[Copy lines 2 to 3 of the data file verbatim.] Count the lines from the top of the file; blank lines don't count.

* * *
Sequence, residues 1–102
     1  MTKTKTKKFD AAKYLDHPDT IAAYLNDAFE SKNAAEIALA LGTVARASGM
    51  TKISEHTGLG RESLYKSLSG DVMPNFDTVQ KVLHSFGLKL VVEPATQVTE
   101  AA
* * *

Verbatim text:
     1  MTKTKTKKFD AAKYLDHPDT IAAYLNDAFE SKNAAEIALA LGTVARASGM
    51  TKISEHTGLG RESLYKSLSG DVMPNFDTVQ KVLHSFGLKL VVEPATQVTE